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The successful completion of the Total Airport Management Suite (TAMS) project was celebrated at Stuttgart Airport.
Co-funded by the German Federal Ministry of Economics and Technology, the TAMS project follows the idea of a holistic operational concept to create one overall airport steering process including its integrated technological execution between ATC, airport and airline operators. The joint solution is based on an open modular software suite and integrates air and landside airport processes. It provides solution support for complex logistical, procedural and organisational processes at a hub airport.
As the basis for the development, an Airport Collaborative Decision Making 16-milestone integration was created between an ATC queue management system (Arrival- and Departure Manager), a surface management system (Surface Manager/ASMGCS) and a turnaround management system (TMAN-HubControl) following the EUROCONTROL concept of monitoring and guiding the entire flight trajectory.
The partners involved in the project included ATRiCS, Barco Orthogon, INFORM, the German Aerospace Center (DLR), Siemens and Stuttgart Airport. Bargo Orthogon provided the Arrival and Departure Manager to improve airspace and runway capacity balancing.
INFORM contributed its extensive experience with airport system technology in the areas of ground handling processes, process and resource optimization and airport operational databases. The GS HubControl system monitors and guides the progress of each aircraft turnaround in real-time and foresees bottlenecks and possible delays.
ATRiCS supported the project by contributing its globally unique Surface Management System (SMAN) for the control of taxiing operations. DLR in cooperation with ATRiCS, Barco Orthogon and INFORM developed a complete airport simulation handling 200 flights within a six hours time frame. DLR also added its PaxMan passenger manager prototype which integrates the passenger processes with airplane processes to avoid unnecessary waiting times and minimizes the number of misconnected flights. Stuttgart Airport provided its experience in advanced and profitable handling processes.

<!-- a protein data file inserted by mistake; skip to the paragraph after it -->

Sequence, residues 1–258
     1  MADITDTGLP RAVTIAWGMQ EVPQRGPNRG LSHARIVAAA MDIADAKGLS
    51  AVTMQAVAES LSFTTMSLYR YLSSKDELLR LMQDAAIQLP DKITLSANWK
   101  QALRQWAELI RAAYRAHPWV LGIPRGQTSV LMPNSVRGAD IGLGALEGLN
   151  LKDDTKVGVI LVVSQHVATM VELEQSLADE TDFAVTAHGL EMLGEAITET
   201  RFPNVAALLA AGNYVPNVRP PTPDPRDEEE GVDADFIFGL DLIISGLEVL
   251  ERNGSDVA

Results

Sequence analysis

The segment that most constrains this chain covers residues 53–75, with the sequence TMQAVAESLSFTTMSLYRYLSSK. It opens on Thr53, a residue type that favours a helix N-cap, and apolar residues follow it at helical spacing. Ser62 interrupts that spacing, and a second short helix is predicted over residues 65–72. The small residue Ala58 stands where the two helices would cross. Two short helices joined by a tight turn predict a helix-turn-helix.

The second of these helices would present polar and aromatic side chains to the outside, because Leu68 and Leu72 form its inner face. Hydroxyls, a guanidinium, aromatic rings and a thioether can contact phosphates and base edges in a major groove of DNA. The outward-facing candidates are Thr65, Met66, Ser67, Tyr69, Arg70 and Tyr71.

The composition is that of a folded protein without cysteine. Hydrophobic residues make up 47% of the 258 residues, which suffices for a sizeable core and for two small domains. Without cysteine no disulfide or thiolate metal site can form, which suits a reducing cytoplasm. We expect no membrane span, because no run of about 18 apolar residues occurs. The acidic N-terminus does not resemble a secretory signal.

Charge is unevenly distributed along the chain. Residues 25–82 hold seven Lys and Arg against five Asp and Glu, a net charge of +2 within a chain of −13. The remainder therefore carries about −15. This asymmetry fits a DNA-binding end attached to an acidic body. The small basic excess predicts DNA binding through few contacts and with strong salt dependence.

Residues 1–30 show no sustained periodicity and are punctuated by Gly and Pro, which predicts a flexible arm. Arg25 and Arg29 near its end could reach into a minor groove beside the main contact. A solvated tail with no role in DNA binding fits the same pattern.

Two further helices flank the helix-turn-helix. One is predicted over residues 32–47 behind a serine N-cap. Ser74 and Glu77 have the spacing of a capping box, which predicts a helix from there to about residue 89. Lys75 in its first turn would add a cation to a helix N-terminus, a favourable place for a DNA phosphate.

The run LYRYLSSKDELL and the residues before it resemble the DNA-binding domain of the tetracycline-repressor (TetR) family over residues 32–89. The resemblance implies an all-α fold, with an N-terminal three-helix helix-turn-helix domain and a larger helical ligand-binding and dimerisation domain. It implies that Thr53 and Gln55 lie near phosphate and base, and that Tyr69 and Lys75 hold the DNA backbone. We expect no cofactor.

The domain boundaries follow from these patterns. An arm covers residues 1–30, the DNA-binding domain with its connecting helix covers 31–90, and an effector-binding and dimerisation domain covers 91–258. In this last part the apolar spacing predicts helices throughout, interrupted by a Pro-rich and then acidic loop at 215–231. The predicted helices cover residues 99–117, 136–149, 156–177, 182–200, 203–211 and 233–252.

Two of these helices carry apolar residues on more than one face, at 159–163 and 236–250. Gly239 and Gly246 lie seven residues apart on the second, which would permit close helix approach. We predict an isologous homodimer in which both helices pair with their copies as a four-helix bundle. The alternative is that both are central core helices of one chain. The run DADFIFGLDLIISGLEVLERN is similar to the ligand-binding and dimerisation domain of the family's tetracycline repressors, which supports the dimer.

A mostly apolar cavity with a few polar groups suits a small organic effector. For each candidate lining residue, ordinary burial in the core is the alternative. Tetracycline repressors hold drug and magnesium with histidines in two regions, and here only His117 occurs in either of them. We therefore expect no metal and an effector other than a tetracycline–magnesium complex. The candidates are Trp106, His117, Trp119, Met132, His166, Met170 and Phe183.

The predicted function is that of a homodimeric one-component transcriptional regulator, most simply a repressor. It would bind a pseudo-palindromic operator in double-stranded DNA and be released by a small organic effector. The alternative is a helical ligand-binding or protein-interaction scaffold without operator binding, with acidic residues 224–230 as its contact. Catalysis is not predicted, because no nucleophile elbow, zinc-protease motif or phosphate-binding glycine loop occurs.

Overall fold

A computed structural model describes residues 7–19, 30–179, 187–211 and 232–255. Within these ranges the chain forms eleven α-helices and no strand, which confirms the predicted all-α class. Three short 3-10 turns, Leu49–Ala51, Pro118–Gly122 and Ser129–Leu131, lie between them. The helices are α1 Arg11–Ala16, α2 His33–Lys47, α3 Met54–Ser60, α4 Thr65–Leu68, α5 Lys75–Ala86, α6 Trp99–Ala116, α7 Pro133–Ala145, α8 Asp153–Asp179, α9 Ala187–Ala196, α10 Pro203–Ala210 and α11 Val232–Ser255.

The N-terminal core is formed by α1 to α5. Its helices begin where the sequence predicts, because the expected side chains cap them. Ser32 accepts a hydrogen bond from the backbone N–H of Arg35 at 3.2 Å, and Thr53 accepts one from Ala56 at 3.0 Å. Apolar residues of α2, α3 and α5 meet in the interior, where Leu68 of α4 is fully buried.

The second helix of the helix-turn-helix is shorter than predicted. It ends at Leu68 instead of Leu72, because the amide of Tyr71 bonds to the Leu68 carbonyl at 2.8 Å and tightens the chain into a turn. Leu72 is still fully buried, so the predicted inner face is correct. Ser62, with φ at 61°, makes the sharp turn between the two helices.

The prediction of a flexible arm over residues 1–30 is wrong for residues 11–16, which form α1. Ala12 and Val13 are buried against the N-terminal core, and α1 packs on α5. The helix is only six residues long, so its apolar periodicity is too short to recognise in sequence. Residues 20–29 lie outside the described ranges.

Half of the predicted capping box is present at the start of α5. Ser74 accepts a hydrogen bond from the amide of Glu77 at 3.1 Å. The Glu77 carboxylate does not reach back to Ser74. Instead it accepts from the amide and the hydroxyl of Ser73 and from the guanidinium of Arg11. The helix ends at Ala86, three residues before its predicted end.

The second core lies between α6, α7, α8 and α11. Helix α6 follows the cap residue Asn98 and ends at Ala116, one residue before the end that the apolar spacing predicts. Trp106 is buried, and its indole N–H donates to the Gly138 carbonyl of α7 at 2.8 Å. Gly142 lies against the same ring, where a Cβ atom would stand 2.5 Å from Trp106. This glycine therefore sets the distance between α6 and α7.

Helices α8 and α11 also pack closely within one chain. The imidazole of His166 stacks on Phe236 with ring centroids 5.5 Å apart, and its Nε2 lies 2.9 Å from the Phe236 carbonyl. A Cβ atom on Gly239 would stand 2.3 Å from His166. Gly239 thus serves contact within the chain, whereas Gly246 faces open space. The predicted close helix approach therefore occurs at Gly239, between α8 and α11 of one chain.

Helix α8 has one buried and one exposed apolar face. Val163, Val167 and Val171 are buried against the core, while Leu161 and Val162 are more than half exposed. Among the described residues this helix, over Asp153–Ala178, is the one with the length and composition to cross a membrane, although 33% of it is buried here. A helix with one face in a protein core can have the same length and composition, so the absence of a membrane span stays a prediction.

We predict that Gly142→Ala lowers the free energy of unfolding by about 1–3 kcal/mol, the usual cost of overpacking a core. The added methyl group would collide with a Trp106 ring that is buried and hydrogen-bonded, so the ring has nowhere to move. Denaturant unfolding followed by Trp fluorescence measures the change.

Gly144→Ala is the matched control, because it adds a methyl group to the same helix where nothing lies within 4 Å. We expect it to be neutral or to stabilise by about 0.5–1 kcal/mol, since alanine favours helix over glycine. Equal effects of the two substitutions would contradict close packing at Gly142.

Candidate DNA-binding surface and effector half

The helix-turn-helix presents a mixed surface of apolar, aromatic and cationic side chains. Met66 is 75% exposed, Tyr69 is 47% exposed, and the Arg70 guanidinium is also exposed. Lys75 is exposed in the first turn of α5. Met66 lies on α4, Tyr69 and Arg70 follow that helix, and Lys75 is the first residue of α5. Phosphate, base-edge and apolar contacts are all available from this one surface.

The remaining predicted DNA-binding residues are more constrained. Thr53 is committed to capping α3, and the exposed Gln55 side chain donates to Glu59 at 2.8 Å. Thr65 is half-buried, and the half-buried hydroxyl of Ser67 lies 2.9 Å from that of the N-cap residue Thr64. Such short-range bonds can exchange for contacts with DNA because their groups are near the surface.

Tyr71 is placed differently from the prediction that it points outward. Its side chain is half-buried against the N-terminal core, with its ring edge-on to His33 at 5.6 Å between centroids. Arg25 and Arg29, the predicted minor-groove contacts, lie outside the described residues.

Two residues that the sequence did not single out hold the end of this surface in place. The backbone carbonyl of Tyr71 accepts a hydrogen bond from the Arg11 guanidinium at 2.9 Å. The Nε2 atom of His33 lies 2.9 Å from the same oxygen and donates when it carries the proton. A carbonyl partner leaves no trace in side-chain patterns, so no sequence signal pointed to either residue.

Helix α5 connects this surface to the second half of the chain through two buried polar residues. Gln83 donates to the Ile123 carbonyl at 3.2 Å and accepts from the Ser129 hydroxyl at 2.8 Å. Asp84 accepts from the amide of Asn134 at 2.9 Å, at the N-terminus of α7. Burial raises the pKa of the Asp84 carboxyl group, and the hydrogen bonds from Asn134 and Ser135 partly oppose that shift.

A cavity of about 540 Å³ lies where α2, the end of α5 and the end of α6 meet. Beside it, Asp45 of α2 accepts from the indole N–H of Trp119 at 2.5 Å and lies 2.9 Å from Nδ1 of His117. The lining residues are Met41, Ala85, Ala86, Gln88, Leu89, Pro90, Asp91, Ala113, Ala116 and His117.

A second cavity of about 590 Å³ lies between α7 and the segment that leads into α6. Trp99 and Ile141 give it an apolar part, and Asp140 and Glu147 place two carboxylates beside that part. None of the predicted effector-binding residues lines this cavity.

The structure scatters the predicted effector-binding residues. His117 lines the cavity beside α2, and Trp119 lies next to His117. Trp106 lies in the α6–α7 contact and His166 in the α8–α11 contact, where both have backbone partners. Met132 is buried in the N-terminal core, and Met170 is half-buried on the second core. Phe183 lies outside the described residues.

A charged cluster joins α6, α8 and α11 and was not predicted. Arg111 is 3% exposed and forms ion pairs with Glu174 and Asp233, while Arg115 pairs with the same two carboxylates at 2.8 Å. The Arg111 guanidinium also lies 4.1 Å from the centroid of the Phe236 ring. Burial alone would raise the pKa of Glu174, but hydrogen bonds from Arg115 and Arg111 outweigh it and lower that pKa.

The TAMS project results exceed Airport CDM since it integrates airside and landside processes and their conceptional and technological dependencies in real time in a balanced manner. Furthermore, TAMS extends the time horizon of the A-CDM scope. INFORM , ATRiCS, Barco Orthogon spearheaded a real-time data based what-if capability enabling the actors of NASPs, airports, airlines and ground handling companies to jointly look at the effect of their operational intentions four to six hours in advance. The solution thus provides a detailed pro-active decision making capability and visualization.
The integration of various air and landside airport sub-processes into one Airport Operations Control Center (APOC) not only boosts the efficiency and cost-effectiveness of airport operations, but also lessens their impact on the environment. The TAMS validation demonstrated the added value available for air traffic systems: enhanced process predictability reduces delays, fuel consumption and the resulting CO2 emissions, as well as simultaneously increasing passenger convenience.
A ceremony to celebrate the successful completion of the project was held at Stuttgart Airport resulting in positive feedback from national and international aviation experts.
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